Though Henderson is a major figure in Scottish cultural history, his reputation is largely maintained in anecdote and song. This study describes the ambitious moral-intellectual programme to reintegrate the artist in society at the heart of all of his endeavors.
Complete poems are bulky and too heavy to carry around. Collected poems pretend to be complete, but usually are not. Selected poems are altogether unpretentious and reader-friendly. But they can be problematic. Who decides what poems are important for inclusion in a volume of selected poems? When the selection occurs during the author’s lifetime, may one assume that the author was involved? What motivates the choice of one poem over another? How do readers’ preferences influence this choice? How do new readers and familiar readers of a poet negotiate the poems that are left out of the selection? The essays in this volume address these questions in a variety of ways, and also provide an overview of poetic writing from modernist poets to the present day, using selections from the 1940s until now. They offer new insight into the uses, both pedagogical and critical, of selection. Because Selected Poems usually address a large general public, these essays have also been written for all those who wish to know more about how these slimmer, more attractive volumes are produced.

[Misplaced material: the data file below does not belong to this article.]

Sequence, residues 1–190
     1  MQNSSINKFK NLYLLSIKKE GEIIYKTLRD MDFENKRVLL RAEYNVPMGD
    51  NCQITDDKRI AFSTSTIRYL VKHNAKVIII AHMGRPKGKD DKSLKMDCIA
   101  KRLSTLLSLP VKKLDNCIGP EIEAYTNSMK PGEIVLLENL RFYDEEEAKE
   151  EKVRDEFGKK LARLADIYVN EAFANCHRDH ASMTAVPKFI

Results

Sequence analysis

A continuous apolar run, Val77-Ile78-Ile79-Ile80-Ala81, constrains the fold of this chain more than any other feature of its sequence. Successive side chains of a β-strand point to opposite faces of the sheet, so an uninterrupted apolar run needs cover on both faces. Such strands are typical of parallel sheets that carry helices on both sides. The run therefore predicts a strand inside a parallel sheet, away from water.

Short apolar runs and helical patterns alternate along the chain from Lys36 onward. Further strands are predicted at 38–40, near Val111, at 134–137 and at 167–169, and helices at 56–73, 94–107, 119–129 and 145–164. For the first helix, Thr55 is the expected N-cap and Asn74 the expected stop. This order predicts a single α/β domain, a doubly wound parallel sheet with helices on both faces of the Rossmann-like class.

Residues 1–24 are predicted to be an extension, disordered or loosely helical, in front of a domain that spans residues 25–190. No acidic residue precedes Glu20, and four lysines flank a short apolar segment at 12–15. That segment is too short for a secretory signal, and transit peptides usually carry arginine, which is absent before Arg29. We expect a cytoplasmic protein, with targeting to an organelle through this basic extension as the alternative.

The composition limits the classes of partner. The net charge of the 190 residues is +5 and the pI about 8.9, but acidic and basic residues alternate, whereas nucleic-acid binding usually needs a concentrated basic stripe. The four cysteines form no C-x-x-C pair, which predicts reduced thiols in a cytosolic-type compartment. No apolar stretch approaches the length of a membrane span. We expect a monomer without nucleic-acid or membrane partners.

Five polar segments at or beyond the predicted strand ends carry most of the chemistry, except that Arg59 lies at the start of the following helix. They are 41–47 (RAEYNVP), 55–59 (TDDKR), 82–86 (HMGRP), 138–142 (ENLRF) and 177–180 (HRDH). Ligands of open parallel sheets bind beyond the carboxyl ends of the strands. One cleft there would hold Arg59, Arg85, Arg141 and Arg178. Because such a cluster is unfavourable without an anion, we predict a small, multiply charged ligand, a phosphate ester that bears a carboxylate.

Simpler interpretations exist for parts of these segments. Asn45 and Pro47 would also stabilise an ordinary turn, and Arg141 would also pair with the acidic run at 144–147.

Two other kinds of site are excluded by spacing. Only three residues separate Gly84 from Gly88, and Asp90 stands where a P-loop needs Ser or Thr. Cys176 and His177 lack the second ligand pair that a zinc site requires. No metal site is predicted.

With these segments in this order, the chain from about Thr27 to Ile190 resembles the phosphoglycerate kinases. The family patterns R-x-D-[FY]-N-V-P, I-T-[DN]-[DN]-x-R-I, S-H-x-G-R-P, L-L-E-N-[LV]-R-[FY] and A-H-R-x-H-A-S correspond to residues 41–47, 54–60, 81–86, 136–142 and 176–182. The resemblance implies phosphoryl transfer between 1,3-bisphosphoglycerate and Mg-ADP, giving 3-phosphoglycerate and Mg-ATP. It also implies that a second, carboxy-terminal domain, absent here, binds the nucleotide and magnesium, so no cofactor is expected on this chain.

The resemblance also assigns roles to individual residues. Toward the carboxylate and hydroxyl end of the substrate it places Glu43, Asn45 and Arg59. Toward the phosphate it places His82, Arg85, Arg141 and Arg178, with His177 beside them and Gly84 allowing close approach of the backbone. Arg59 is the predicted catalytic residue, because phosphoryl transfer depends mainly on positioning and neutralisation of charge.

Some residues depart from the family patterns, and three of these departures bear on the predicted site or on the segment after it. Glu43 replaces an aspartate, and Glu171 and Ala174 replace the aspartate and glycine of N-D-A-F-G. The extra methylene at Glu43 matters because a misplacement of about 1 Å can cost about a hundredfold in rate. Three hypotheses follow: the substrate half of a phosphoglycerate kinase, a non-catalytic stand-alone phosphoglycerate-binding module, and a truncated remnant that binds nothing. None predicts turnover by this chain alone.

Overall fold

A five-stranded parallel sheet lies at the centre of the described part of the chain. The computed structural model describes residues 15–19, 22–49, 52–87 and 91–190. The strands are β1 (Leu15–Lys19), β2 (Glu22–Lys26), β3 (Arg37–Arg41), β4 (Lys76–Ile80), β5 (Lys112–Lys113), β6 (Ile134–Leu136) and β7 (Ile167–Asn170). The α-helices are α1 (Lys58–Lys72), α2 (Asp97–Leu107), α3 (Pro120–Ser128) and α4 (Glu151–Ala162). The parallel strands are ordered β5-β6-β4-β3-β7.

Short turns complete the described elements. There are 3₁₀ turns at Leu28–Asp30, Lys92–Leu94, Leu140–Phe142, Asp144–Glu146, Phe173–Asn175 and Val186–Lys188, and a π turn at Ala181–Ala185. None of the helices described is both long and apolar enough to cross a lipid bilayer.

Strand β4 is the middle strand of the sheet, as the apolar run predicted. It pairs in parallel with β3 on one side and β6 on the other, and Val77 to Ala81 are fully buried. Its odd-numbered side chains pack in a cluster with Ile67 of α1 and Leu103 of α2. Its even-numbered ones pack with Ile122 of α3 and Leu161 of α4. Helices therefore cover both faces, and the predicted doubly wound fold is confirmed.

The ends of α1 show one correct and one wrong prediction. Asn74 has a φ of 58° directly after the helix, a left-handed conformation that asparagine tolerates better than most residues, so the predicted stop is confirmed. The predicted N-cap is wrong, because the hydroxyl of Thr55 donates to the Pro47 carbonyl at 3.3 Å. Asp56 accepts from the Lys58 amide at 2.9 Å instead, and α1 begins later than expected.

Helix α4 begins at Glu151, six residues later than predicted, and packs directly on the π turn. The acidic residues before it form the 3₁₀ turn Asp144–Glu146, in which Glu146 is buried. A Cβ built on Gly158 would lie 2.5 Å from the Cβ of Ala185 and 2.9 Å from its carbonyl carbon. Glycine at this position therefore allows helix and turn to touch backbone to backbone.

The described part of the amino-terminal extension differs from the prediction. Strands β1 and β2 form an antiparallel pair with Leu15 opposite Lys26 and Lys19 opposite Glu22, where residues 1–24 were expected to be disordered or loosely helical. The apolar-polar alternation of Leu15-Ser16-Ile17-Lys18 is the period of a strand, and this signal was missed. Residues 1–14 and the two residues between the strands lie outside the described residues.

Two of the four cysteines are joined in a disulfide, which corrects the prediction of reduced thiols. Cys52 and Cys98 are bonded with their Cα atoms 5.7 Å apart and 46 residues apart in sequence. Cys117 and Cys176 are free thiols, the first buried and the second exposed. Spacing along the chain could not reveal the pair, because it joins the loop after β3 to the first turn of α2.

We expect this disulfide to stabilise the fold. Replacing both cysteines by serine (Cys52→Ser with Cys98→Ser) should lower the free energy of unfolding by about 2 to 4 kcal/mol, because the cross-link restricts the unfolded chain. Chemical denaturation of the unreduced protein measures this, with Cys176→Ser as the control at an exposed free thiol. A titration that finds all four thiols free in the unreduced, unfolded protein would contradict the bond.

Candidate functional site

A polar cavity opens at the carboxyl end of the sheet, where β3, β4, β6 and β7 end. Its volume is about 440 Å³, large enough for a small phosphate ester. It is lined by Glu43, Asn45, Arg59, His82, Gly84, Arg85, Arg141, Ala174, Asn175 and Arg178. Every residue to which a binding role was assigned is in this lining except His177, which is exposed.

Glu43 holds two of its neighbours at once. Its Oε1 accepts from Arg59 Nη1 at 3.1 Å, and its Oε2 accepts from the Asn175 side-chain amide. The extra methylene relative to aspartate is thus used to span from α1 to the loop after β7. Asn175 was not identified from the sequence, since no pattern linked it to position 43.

A collection of poems by George Eliot, the pseudonym used by Mary Ann Evans. She was one of the most important writers of the Victorian era, renowned for her deep psychological insight and sophisticated character portraits. Her most famous work, Middlemarch, is a turning point in the history of the novel. Making masterful use of a counterpointed plot, Eliot presents the stories of a number of denizens of a small English town on the eve of the Reform Bill of 1832.